Levels of Life
Along with its kissing cousin, love, grief as a subject is a staple in fiction, poetry and essays. Maudlin, confessional and sentimental screeds fill bookshelves and consume gigabytes. Yet as Julian Barnes demonstrates in this short but potent book, sometimes coming at a subject sideways exposes penetrating insights that are lost when the light and the words are too direct.
Barnes begins in the 19th-century air, with a brief history of ballooning, in a section called “The Sin of Height.” Pioneers like the Frenchman Gaspard-Felix Tournachon, aka Nadar, and the Englishman Captain Fred Burnaby braved the caprices of wind and weather and fire to glimpse and, in Nadar’s case, to photograph our world from the air. Futurists of that time looked forward to a “heavier-than-air” machine that would not be subject to the vagaries of wind and therefore would be a reliable workhorse on this new plane. “Height was moral, height was spiritual. Height, some thought, was even political: Victor Hugo believed, quite simply, that heavier-than-air flight would lead to democracy.... This sounds high-flown, overinflated. And aeronautics did not lead to democracy, unless budget airlines count.”
"It’s clear that Barnes loved his wife wholeheartedly, and one hopes that writing this book gave him some comfort. Regardless, his spare considerations of grief move us all the more for their honesty, intelligence and delicacy."
As Barnes imagines it in the second section, Fred Burnaby’s vivid affair with actress and fellow “balloonatic” Sarah Bernhardt brings the Englishman down to earth. “We live on the flat, on the level, and yet --- and so --- we aspire. Groundlings, we can sometimes reach as far as the gods. Some soar with art, others with religion; most with love. But when we soar, we also crash.” Burnaby, a veteran of many wars and skirmishes, is brought low by the daring and glamorous Bernhardt, a woman so thin she claimed that she “slipped between raindrops without getting wet.” This section, called “On The Level,” documents that elastic yet permanent connection between love and grief, as Burnaby progresses to a marriage proposal, and is dashed by Bernhardt’s refusal. Bernhardt eschews safety and certainty. She prefers the danger and adventure of being blown by the wind to the certainty and efficiency of some engine-propelled heavier-than-air machine with controlled ascents and descents.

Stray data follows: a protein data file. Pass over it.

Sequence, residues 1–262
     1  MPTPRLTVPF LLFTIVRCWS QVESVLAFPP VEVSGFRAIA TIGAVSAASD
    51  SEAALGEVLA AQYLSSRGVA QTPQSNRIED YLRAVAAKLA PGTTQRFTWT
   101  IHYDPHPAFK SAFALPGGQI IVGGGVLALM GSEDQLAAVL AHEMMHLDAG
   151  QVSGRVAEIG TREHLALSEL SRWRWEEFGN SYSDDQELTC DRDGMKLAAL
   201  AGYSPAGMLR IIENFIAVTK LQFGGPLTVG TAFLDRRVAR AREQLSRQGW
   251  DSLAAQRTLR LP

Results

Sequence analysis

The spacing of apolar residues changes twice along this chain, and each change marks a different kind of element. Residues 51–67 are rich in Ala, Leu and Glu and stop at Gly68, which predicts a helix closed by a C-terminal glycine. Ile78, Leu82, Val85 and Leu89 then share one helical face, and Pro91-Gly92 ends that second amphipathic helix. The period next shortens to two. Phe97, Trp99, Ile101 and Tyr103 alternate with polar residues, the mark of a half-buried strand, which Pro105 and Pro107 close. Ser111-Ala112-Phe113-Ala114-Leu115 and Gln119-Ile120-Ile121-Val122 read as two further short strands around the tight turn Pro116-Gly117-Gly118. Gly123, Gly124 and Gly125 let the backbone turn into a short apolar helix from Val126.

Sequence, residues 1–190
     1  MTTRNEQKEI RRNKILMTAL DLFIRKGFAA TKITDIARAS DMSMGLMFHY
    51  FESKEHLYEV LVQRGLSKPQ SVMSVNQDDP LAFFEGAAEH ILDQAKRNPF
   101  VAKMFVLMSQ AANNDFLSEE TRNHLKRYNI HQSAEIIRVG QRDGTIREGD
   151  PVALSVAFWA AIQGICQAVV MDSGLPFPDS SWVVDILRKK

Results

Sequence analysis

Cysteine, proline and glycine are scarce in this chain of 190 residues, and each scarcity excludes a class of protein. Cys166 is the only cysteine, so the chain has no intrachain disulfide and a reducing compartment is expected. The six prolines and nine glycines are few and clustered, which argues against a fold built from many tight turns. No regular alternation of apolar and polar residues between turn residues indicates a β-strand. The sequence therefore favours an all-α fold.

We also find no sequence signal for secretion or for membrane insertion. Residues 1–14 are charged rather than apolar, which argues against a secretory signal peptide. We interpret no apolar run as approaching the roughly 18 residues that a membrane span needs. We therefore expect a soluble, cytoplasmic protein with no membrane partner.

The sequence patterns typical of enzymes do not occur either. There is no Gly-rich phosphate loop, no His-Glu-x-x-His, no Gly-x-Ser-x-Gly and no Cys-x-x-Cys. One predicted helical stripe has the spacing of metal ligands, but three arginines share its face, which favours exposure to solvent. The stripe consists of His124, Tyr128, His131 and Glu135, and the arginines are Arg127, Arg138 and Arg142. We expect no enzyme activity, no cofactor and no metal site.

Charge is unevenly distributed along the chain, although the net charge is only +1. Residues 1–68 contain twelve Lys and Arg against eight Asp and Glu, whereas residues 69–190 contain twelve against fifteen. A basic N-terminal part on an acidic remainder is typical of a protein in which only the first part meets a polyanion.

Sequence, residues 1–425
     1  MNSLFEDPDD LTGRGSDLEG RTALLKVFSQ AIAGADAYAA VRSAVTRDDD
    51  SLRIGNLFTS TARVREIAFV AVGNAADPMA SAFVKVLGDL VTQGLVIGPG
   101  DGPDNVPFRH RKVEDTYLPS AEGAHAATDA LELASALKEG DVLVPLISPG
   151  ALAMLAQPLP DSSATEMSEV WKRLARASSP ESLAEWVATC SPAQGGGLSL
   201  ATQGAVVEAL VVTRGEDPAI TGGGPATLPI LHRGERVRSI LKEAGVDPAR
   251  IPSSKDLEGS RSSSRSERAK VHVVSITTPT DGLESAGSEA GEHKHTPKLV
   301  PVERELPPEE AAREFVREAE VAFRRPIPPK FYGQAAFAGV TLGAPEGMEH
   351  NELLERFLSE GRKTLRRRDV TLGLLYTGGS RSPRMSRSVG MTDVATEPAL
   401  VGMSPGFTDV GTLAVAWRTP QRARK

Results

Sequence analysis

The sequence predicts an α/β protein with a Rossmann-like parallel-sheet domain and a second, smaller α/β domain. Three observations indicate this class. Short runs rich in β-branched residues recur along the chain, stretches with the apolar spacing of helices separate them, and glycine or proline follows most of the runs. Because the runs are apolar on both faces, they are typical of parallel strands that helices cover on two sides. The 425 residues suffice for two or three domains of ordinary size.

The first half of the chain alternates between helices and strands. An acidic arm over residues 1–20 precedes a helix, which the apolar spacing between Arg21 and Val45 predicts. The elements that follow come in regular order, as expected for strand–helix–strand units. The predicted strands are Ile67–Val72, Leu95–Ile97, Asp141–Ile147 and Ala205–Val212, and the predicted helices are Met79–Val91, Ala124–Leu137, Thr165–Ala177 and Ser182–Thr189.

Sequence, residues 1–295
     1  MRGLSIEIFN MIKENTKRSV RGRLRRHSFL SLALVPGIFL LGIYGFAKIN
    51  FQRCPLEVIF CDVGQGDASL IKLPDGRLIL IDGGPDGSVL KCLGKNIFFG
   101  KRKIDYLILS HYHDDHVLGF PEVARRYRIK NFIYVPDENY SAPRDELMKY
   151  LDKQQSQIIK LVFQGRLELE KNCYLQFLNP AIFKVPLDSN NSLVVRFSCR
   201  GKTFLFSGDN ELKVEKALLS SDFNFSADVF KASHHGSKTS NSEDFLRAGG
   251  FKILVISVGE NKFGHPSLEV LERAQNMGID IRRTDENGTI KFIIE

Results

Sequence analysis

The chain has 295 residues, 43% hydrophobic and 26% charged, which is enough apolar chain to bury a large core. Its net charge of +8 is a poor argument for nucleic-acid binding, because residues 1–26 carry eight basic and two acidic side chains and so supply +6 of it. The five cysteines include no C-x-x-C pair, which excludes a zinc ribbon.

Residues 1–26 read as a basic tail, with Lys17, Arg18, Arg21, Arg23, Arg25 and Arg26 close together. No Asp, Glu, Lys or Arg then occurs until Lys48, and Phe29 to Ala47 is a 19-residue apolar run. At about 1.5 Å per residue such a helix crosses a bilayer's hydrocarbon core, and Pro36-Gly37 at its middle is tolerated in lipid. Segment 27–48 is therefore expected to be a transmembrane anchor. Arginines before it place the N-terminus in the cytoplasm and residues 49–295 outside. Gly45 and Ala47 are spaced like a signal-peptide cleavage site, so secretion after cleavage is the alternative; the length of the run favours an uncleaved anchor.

Not until the last section, titled “The Loss of Depth,” does Barnes turn his pen toward his own grief at the sudden loss of his wife. In precise, unadorned language, he presents some of the facts. “It was thirty-seven days from diagnosis to death. I tried never to look away, always to face it; and a kind of crazy lucidity resulted.” Building on the metaphors of the first two sections, he wonders at our aspirations for height and safety. “In this new-found-land there is no hierarchy, except that of feeling of pain. Who has fallen from the greater height, who has spilt more organs on the ground?” He applies his excellent mind to the common banalities trotted out for the grieving.
An acquaintance writes to reassure him that one does survive the grief to emerge a stronger and better person. “This struck me as outrageous and self-praising (as well as too quickly decided.) How could I possibly be a better person without her than with her? Later, I thought: but he is just echoing Nietzsche’s line about what doesn’t kill us making us stronger. And as it happens, I have long considered this epigram particularly specious. There are many things that fail to kill us but weaken us forever.”
It’s clear that Barnes loved his wife wholeheartedly, and one hopes that writing this book gave him some comfort. Regardless, his spare considerations of grief move us all the more for their honesty, intelligence and delicacy.
Reviewed by Eileen Zimmerman Nicol on October 4, 2013